Budget cuts are coming, possibly spelling trouble for Missourians in need of health care.
That was the message delivered by Dick Dunn, director of the Missouri Department of Health and Senior Services, on Friday as he spoke to 10 nurses at MU’s Sinclair School of Nursing. Dunn’s appearance in Columbia was part of a 112-county speaking tour he’s been conducting since July to get the word out about the impending state budget crisis.
“Since 2001, we’ve lost 23 percent of our budget. We went from $106 million to around $80 million,” Dunn said Friday. “The misconception is that we’ve got plenty. The reality is that we don’t.”
The Missouri Nurses Association sponsored Dunn’s visit. Nurses are advocates for quality health care in the state, so it’s important that they stay informed of issues that could negatively affect funding, said Belinda Heimericks, MONA executive director.
“By raising awareness of these issues, we’re better able to give legislators direction for priorities in budget allocation when their session begins in January,” Heimericks said.
At the start of the 2004 legislative session, the Missouri General Assembly will face a budget shortfall of about $1 billion, according to predictions from the state budget office. Dunn said funding for health programs has endured sharp cuts in recent years, and if legislators aren’t careful, it will only get worse.
Last year, Dunn said, budget cuts eliminated state funding for sexually transmitted disease control and prevention programs, as well as the Alternatives to Abortion program, which provided family planning and comprehensive women’s health. He said since the budget cuts, sexually transmitted disease rates have risen and 33,000 women who were not eligible for Medicaid lost access to health care.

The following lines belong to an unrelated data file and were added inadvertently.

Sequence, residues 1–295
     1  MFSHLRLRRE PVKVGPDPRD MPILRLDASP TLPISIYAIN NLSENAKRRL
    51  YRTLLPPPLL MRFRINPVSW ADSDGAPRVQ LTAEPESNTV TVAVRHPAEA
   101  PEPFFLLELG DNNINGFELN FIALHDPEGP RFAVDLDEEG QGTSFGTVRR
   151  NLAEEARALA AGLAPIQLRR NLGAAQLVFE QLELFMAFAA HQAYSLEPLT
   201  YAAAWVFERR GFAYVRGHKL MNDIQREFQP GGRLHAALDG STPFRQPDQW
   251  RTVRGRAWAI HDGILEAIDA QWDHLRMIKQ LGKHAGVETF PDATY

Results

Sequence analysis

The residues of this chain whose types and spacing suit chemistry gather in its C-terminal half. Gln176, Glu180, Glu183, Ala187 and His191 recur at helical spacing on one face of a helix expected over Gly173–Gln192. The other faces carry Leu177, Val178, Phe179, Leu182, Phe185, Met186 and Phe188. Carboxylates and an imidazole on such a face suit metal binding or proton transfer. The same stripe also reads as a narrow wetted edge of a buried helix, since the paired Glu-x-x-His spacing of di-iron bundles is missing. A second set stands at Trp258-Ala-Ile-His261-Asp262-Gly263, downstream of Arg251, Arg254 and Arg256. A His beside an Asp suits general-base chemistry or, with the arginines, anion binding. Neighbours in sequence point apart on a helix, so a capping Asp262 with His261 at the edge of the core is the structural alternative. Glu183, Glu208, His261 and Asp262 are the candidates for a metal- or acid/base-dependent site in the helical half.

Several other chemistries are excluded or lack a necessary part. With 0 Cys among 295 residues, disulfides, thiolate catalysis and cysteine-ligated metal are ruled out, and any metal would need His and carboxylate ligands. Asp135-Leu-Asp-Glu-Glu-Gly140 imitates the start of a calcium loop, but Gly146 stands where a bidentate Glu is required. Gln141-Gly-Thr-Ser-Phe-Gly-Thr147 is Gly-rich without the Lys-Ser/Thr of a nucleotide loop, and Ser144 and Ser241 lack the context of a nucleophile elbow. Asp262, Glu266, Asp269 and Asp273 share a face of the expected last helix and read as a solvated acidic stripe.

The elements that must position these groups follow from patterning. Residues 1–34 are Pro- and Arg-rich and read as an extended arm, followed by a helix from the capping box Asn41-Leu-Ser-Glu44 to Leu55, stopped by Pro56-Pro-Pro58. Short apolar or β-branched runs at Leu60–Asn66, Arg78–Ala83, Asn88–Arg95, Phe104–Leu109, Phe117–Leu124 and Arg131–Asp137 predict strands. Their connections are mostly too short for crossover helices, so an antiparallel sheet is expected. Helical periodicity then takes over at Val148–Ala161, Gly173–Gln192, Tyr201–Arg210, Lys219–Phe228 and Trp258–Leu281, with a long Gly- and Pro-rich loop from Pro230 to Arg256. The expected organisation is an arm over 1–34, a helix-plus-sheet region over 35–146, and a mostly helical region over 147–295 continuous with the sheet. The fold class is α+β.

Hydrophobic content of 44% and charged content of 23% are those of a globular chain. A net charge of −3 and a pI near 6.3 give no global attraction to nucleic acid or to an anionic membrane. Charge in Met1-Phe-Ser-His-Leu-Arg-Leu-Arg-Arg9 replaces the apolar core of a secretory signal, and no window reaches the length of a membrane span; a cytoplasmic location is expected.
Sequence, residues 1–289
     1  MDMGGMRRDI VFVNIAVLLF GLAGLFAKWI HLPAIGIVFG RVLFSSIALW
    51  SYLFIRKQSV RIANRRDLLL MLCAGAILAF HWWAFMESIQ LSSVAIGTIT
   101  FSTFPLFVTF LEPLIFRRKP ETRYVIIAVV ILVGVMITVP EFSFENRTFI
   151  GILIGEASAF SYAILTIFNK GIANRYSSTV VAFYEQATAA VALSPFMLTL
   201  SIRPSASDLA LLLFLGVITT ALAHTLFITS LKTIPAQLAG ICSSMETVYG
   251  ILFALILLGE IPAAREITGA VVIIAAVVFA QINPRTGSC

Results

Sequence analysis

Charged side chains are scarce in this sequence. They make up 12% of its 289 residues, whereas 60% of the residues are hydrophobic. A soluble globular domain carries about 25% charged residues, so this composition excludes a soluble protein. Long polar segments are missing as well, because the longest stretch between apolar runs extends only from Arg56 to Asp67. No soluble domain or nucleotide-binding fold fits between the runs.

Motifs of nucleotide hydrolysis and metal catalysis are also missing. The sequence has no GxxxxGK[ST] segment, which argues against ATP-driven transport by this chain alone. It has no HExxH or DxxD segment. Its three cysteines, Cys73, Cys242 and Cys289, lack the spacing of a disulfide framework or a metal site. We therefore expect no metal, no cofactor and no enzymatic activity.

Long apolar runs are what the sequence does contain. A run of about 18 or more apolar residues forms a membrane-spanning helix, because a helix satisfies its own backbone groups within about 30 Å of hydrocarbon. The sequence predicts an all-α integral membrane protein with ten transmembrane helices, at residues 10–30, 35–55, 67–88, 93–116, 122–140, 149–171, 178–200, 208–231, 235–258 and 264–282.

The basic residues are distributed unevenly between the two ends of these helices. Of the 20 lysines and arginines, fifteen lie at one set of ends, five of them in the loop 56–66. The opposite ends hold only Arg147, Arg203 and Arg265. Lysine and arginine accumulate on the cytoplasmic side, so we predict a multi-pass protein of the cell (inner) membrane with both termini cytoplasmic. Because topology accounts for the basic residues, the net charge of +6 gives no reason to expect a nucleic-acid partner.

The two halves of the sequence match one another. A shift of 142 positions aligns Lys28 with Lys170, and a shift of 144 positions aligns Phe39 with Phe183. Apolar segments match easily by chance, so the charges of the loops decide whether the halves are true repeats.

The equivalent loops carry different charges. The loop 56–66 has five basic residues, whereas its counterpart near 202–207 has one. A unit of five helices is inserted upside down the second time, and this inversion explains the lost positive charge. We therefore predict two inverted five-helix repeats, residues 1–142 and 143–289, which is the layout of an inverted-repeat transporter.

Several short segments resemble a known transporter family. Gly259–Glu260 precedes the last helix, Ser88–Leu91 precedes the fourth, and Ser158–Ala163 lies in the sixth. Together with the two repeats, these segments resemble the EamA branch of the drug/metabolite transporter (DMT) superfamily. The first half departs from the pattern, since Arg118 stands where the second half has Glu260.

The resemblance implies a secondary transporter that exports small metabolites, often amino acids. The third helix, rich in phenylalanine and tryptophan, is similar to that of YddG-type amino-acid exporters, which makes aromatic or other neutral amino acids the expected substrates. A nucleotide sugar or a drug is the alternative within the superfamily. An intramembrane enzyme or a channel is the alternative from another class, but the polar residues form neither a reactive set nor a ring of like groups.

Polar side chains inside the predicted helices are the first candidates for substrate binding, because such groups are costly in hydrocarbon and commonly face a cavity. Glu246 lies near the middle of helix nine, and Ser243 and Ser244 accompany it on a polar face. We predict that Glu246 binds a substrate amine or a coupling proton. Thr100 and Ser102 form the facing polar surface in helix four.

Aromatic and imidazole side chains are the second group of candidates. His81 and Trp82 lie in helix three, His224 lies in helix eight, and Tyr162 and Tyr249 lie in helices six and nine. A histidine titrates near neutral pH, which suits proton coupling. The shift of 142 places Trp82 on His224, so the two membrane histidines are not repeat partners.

Dunn speculated that if further cuts are made in 2004, the state could see a reduction in senior services, such as meals and transportation, forcing more senior citizens to move to nursing homes. Local public health agencies, which took an 11-percent cut last year, could face even further deficits, he said.
Dunn said funding shortages could also affect Missouri’s preparedness for the outbreak of “new” diseases, such as SARS, West Nile virus and monkeypox, as well as common ailments such as tuberculosis and influenza.
Because only the General Assembly can increase or decrease funding to state programs, Dunn has been encouraging people across Missouri to contact their legislators with concerns about the state of health care. He said nurses and other health professionals could play a vital role in educating lawmakers.
“There isn’t a bad person in (the General Assembly) who wants to hurt people, but we need to inform them,” Dunn said. “We need to help the community stand up with us. We can’t do this alone.”
Kristin Metcalf-Wilson, a women’s health nurse practitioner on faculty at MU’s School of Nursing, said she attended Dunn’s speech because she’s seen the effects of past budget cuts first-hand. With the elimination of the Alternatives to Abortion program last year, Metcalf-Wilson was forced to stop providing care to 400 women in a local health department, some of whom she’d treated for six years.
“The Department of Health and Senior Services predicts something like 8,000 unintended pregnancies in Missouri due to the elimination of our program,” Metcalf-Wilson said. “We took the hit last year. What’s going to take the hit this year?”
The Department of Health and Senior Services is planning an open information session at the state capitol in Jefferson City on Feb. 24. Organizers hope to “fill the capitol” during the event, educating legislators and the public about the services the department provides.